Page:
I participated in creating the GoMedia website and served as Managing Editor, English content for the first three years. During that time, I also served with TMAC (Travel Media Association of Canada) as Ontario Chapter Chair. Meantime, I continued volunteering for SATW. In 2009, I joined the Phoenix Award Committee. I organized locations for SATW Canadian Chapter meetings, including those held in Miami and Puerto Vallarta. In 2012, I joined the SATW Board as Canadian Chapter Chair. In 2013, after organizing the Canadian Chapter’s Sarasota meeting site, I was unable to attend, as five days before the meeting my late husband was diagnosed with cancer.

 

In 2014, I became Chair of the Phoenix Award Committee, and I remain committed to its recognition for conservation, cultural and environmental preservation. Recently the conscientious Phoenix Committee members broadened the scope of nominees and rewrote the online form to encourage more nominees.If elected as SATW President Elect, I would spend the term supporting President Elizabeth Harryman in her endeavors. As President, I would aim to elevate the SATW brand as the ultimate source for accessing the world’s most qualified, articulate travel media and tourism marketing professionals. I would aim to see SATW accrue the values of membership by expanding on the already outstanding professional development and mentorship programs.

 

I would aim to enhance interaction with members of the Global Travel Media Alliance and the Australian Society of Travel Writers. I am totally committed to supporting SATW’s Diversity, Equity, Accessibility and Inclusion program, as well as fighting racial and cultural discrimination. For upcoming conventions and Council meetings, I am eager to assist SATW organizers and hosts in the best possible ways. The position of SATW President would be my privilege and honor. I would work to deserve it. I hope I can count on your support.

 

5 Questions for Toby Saltzman

 

Q: The next few years will pose many challenges for our members — and in turn, for our Society. What specific ideas do you have for increasing membership value and giving members more bang for their buck?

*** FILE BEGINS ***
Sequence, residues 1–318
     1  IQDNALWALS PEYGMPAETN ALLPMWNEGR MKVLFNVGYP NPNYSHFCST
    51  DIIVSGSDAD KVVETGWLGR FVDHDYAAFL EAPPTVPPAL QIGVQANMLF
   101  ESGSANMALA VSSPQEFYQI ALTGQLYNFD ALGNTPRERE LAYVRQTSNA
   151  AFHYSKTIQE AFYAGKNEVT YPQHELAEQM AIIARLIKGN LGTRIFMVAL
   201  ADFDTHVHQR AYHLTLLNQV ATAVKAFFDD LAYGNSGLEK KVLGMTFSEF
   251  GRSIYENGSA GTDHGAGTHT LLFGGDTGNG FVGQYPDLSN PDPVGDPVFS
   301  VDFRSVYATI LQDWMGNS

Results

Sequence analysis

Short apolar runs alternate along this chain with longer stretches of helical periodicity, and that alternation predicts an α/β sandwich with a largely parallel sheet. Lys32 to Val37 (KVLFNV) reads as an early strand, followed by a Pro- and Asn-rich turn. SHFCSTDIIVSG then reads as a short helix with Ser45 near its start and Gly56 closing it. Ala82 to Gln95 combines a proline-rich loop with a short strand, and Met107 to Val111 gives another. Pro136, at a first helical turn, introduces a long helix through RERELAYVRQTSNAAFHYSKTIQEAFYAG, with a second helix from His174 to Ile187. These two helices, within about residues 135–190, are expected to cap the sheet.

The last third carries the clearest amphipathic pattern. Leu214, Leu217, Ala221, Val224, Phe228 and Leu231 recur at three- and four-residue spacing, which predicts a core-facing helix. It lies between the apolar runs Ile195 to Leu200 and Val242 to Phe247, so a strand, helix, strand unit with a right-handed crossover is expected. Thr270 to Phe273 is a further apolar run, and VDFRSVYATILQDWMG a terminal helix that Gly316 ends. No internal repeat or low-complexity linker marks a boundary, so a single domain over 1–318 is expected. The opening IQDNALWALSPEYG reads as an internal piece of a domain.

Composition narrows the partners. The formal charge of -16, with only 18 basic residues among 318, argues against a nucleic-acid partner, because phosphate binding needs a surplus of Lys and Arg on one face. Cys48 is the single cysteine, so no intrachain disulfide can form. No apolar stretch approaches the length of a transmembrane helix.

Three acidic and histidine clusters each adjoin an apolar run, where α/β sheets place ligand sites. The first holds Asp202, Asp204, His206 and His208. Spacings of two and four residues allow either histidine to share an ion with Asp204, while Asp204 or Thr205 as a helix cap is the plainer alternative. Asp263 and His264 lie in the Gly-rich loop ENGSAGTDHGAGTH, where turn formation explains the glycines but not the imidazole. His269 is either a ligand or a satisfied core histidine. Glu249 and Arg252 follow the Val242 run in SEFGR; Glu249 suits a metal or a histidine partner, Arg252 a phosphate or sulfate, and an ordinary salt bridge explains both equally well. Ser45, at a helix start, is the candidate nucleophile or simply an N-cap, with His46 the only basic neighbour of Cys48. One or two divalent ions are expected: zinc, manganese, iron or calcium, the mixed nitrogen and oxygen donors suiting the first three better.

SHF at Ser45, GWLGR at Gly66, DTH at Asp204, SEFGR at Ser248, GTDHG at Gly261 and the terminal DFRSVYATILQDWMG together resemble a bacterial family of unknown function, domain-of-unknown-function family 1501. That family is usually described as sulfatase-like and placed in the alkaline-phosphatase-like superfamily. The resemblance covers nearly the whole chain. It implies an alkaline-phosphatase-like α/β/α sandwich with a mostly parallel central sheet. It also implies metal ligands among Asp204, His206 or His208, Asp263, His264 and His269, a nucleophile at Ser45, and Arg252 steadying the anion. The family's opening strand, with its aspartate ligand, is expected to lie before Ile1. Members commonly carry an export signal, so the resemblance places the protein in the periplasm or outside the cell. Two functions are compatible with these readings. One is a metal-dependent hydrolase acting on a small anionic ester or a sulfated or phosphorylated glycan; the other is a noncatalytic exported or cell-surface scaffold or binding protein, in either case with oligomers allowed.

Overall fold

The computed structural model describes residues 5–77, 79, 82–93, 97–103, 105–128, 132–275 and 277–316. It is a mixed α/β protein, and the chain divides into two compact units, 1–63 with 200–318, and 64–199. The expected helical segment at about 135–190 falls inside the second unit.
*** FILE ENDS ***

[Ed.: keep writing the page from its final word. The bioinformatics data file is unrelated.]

As the travel industry returns to a changing global landscape, Associate and Active members will be keen to validate their investments in SATW for both time and budget. Besides continuing and expanding on the established roster of benefits and excellent webinars presented during the pandemic, I propose specific networking sessions geared to helping each other by sharing best practices, be they for unique ways to promote destinations and tours, or innovative ways to have work published. In a world where social media is saturated with exaggerations and untruths, I believe SATW must assert itself above other, similar organizations.  It will be a key member advantage to elevate the SATW brand as the ultimate global source for accessing the world’s most qualified, articulate, credible, truthful travel media and tourism marketing professionals. Elevating the brand will take focused discussions, meantime one idea to increase SATW recognition is to expand on publicity of the Phoenix Award – which recognizes places and people for substantial conservation and preservation – and promote it in a way similar to the “Good Housekeeping Seal of Approval” as, say, “SATW’s Special Place or Person of Recognition and Approval.”

 

Q: No one knows what the situation will be for travel communications two years from now, when the next President Elect takes office. But we likely will need to rethink the ways we do some things. What specific experiences have you had that demonstrate your ability to think flexibly and out-of-the-box?

 

When outlets for published articles became scarce due to publishing cutbacks, I embarked on a series of lectures that were initially so popular that I was asked to repeat each lecture twice. From October 2020 to this month, I presented virtual lectures with images focusing on culture in Tuscany, Portugal, Belgium, Caribbean islands, Germany, and Winnipeg’s  WAG and new Qaumajuq Gallery. As all the destinations had evolved since my last visits, I involved representatives of the various tourism boards for the latest information and images. As for thinking digitally out-of-the-box: In 1999, before online sites proliferated, I incorporated and launched my travel e-zine, travelterrific.com and hired many SATW members to write for it. A few years later, I launched canadaluxury.travel. About two years ago, I closed the sites and I have recently re-designed the sites and am preparing to re-launch them with current content and information.

 

Q: The digital transformation of our business and the world at large is continuing at a rapid pace. How has your own business changed in the digital age, and how will that help you lead our organization and its members?